Why does my dog love to roll in nasty stuff?
Great question because it’s not just your dog, all dogs do it. My standard poodle, Paula Jean, is the first dog I’ve ever had that I take to the groomer. I always bathed, trimmed toenails and cleaned my dogs’ ears until I adopted Paula. When the groomer wasn’t available during the pandemic and Paula was beginning to look like a Sasquatch, I got the trimmer and did her myself. That resulted in her looking like a seriously demented Sasquatch. My wife Jaye and I had to work hard not to embarrass her by laughing at her, and instead lied, telling her how pretty she looked in her new haircut. She didn’t buy it, because instead of wagging her tail with a smile, with head down she’d walk away.
So anyway, after getting groomed she’d come back looking gorgeous and smelling great. Smelling great to us, that is. Invariably, she’d find something stinky to roll in within a day or two of having been groomed. Why? To disguise her scent, or simply to get rid of the perfume and smell like a dog.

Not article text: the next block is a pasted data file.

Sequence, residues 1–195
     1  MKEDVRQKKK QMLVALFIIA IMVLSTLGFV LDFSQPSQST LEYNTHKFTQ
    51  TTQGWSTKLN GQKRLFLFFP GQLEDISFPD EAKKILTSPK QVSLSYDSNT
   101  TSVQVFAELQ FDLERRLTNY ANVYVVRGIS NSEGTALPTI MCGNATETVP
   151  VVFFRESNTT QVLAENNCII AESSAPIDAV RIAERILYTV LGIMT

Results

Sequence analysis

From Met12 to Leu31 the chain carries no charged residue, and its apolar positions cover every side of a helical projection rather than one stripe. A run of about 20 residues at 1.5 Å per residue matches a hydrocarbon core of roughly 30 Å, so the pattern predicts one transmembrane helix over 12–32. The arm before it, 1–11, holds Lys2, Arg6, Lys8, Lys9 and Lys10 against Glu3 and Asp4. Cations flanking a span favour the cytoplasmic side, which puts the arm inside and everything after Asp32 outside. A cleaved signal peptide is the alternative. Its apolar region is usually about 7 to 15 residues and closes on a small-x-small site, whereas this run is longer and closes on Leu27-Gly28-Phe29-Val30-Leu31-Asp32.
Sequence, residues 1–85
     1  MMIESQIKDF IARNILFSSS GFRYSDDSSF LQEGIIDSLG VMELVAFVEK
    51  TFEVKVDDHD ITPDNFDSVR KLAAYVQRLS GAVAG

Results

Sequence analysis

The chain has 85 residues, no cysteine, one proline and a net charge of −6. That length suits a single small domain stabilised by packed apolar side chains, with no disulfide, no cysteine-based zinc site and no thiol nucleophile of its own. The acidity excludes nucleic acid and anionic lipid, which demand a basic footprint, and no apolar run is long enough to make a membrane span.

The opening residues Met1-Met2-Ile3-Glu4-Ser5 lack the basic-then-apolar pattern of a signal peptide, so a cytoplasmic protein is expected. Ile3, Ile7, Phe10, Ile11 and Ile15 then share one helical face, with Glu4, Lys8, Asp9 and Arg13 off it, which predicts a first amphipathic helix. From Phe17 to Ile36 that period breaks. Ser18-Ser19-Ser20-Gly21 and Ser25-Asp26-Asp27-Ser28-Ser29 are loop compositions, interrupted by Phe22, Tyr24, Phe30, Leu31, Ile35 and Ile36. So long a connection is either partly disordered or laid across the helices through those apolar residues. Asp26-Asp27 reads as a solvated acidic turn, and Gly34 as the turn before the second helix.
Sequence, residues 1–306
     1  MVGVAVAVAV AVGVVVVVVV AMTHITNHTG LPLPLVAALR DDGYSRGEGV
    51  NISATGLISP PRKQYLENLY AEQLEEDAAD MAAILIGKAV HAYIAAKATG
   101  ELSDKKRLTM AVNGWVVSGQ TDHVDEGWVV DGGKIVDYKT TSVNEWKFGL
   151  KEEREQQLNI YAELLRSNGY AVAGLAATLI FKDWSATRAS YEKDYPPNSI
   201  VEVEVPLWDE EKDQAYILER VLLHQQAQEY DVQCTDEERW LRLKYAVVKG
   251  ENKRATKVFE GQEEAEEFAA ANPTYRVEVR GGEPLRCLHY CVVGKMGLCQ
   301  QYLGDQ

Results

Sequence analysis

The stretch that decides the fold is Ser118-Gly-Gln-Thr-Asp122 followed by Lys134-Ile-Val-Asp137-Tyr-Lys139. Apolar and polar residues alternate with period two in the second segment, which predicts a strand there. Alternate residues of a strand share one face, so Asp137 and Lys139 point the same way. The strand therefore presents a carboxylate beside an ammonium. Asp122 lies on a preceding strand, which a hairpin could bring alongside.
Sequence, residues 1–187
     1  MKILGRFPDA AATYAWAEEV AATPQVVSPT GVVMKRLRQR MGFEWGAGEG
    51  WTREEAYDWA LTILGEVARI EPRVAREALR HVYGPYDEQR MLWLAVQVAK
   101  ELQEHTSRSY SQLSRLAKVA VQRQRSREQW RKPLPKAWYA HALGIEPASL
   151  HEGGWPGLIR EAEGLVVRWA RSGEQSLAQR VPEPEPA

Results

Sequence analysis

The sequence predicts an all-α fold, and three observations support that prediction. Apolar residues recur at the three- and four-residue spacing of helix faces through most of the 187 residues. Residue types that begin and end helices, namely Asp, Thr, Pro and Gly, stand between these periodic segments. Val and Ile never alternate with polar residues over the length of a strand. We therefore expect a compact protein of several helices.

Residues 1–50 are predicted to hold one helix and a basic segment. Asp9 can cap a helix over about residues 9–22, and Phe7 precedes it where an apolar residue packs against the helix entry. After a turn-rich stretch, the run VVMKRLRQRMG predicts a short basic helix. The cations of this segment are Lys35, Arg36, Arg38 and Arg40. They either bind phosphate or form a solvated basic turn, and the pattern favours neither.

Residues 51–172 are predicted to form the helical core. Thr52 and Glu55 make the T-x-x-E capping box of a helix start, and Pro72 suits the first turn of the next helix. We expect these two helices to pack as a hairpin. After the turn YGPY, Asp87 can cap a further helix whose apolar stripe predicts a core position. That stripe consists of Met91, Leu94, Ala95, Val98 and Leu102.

Wolves, our dogs’ ancestors, were clever hunters. Rolling in the carcass of a dead deer to disguise her scent, a wolf would be more likely to get closer to a live deer for the kill. So when our pet Chihuahua rolls in racoon poop, he’s not really planning on taking down a moose, it just feels like the right thing to do, the feeling inherited from his wolf ancestor. When poochie rolls around luxuriously on your lawn, it’s not just a pleasant back scratch massage. Think of all the smells your piece of lawn may be holding — people having walked across, birds, insects, butterflies, squirrels, cats, woodchucks, and more. To a dog it’s a cornucopia of interesting, natural scents, as opposed to Chanel #5.
Revel in your dog’s “doginess,” because you really don’t have a choice.